Olds’ greatest battles have been fought and won or battled to detente, just the past. She has learned that trying to love what is hard to love can sometimes be the precise definition of loving—a personal mission that has prepared her for the lacerating vulnerabilities of aging, specially as a woman, one of the great orienting pivots of Stag’s Leap, which won her the Pulitzer and T.S Eliot Prizes, and now, Odes. “I grew up in a very sexist time, in home and brain, and so I had a lot of exposing to do and I had a lot of growing up to do or healing of negative feelings about being a woman,” Olds says now. “I had to do this as old as I was and am, and I had so much undone work that then in this book I laugh every time I look at it or remember it, I don’t even know what to say, I laugh with a little mild shock, maybe pleasure, that I actually made the book I wanted to make without reference to good taste.”
It’s hard to believe that a book which includes odes to the douchebag, the merkin and the blowjob began with the inspirational permission of Pablo Neruda, but that’s where Odes originated from, almost by accident. A book of Neruda’s literally fell off an old bookstore used book shelf into her friend’s lap, and Ode to Common Things was on the facing page. “I had enough Italian and Latin and I’ve ridden the New York subway for 50 years now,” Olds says, “so I could actually believe I understood a certain amount of the facing page.” More importantly, she was in love at the time and she wasn’t sure she wanted to put this experience into public poems, so she wrote all the personal intimate poems and put them in folders like the ones scattered around us. “And then I was driven. I was lucky with the first one, and, you know, the light bulb goes off and I sat down and wrote ode to the tampon.”
white-jacketed worker who clears the table
prepared for the feast which goes uneaten;
hospital orderly; straightjacket
which takes, into its folded wings,
the spirit of the uncapturable one;
dry dock for the boat not taken;
On it goes, a poem of startling beauty—“folded wings”—for so humble an everyday object. Juxtaposing such odes with odes to her sister, to her late friends—Stanley Kunitz—lends the book looping orbitals of lived experience, how we need silliness in serious moments and then suddenly need to be serious about small things to ground our sense of reality. Seven decades on from her childhood, Olds has found another barrier to push through and found in that breakthrough the core of what she has always hoped to do. To see a thing so clearly for what it is, that doing so becomes a form of praise, something she spent decades doing with her parents.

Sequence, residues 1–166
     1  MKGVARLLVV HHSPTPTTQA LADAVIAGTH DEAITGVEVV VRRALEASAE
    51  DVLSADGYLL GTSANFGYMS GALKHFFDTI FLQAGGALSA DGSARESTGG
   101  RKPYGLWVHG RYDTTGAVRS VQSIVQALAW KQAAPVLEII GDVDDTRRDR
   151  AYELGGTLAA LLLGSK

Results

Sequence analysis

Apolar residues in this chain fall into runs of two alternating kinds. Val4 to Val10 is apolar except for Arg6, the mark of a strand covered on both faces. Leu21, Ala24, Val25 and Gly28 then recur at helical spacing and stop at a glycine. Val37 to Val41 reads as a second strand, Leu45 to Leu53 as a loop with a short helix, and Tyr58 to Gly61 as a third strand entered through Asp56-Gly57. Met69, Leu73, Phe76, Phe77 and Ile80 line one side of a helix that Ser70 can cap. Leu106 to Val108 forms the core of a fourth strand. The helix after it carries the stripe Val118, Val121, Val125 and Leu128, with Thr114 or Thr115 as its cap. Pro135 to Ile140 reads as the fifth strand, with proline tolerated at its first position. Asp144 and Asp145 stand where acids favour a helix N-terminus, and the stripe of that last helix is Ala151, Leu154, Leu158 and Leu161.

“Whatever she was to me,” Olds finally wrote on her mother in “The Unswept Room,” (2002) “she was / the human caught in something she could hardly / bear.” That instinct hasn’t left her—the urge to see—it’s just moved the territory forward to yet another part of a woman’s life and body that many are told not to write about. “I have more sensation than intuition,” Olds says now, as we wind up discussing all the objects, people and experiences that tumble out of this book, “so when I’m writing the odes, I’m not having any ideas about worshiping these various parts of the body and, you know, doing praise songs, but I’m really interested in the details… that some intuitions do come out of them my poems are probably like sensation function.” Imagine how angry it’d make those editors today.